Apple working on Canadian approval for Apple Watch Series 4's EKG tech

Posted:
in Apple Watch
Although Apple has managed to secure U.S. Food and Drug Administration clearance for the EKG (electrocardiogram) feature on the Apple Watch Series 4, the company is reportedly still pursuing a greenlight from other governments.

Apple Watch Series 4 EKG


Apple is currently working with Health Canada to enable support in that country, according to MobileSyrup. The site noted that since Health Canada typically doesn't stray far from the FDA, Apple is likely to win clearance sometime in the near future.

The company obtained FDA clearance less than 24 hours before the Series 4 was announced, and still won't have an actual EKG app at launch. That's instead coming with a watchOS update later in 2018.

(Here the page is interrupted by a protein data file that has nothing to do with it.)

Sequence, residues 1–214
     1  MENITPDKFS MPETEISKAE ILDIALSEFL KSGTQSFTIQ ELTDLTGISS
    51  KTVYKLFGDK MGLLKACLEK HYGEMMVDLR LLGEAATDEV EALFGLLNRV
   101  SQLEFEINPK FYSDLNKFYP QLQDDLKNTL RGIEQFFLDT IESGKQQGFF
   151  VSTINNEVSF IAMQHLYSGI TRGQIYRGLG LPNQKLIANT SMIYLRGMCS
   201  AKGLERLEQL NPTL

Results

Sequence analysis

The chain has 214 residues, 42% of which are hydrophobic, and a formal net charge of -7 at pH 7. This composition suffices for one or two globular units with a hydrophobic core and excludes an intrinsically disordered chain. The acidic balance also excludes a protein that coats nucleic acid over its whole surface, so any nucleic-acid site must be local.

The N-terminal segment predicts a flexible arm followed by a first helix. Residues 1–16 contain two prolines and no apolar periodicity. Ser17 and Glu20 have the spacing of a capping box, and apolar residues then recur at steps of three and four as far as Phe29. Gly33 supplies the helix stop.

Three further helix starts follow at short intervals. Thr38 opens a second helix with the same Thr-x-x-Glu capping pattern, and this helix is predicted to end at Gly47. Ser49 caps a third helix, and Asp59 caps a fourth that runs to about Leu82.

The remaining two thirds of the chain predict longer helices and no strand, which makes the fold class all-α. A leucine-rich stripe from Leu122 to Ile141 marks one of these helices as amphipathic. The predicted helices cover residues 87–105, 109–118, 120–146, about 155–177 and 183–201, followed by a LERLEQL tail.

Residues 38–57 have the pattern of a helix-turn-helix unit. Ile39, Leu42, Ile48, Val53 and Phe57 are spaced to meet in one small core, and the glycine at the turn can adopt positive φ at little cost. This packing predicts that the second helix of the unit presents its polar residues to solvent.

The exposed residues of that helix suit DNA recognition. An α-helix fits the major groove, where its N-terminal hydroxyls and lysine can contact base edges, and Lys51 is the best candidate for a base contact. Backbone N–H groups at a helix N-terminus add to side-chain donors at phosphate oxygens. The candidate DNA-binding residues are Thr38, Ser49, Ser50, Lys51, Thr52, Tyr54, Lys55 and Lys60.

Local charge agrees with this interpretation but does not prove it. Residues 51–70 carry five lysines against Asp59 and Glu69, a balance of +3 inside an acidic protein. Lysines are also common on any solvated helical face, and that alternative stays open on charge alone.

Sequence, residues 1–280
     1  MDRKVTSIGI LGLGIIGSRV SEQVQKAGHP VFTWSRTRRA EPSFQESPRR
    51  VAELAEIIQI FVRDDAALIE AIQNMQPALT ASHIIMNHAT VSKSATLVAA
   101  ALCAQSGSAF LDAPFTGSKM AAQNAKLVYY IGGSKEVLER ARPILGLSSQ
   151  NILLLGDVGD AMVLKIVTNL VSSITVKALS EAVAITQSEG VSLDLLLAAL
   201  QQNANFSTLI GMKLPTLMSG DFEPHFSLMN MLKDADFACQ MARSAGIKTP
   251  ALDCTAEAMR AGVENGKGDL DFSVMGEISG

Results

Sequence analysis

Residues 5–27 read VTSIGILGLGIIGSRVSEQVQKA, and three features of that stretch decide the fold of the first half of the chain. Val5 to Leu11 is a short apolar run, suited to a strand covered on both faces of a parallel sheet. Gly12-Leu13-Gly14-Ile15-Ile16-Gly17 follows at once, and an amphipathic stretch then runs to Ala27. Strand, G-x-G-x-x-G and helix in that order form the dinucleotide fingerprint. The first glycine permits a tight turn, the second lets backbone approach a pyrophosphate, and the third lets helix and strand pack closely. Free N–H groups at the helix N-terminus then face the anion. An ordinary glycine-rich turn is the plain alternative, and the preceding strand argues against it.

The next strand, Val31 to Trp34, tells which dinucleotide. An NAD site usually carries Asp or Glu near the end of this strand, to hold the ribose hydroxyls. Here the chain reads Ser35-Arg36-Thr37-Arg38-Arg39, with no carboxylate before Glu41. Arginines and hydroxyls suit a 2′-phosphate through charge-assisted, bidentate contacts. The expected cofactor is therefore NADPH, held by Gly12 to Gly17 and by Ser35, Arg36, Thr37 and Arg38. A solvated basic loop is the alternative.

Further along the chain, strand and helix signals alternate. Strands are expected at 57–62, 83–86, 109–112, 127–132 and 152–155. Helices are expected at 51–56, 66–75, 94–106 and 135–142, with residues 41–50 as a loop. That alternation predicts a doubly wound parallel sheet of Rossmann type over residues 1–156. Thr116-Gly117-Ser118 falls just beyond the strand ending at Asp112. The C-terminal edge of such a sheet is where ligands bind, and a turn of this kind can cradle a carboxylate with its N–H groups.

The Series 4 uses a ring on the base and a redesigned digital crown to create the equivalent of a single-lead EKG sensor. This can be used to detect atrial fibrillation, though the FDA notes that Watch owners should talk to a doctor for an actual diagnosis.

Preorders of the new Watch are underway ahead of Friday's official launch. The product's other signature features include things like a bigger display with thinner bezels, fall detection, and a faster S4 processor.

The first Apple Watch Series 4 shipments are expected to arrive with customers starting Friday morning, alongside orders for the iPhone XS and iPhone XS Max.

Comments

  • Reply 1 of 15
    I imagine that they are looking for this kind of clearance for as many countries as possible
    tipoowatto_cobra
  • Reply 2 of 15
    BebeBebe Posts: 120member
    Although this new series 4 Apple Watch is not as good as other ECG devices in the market (as "others" claimed), it is a good start.  Can't wait to get mine.
    watto_cobra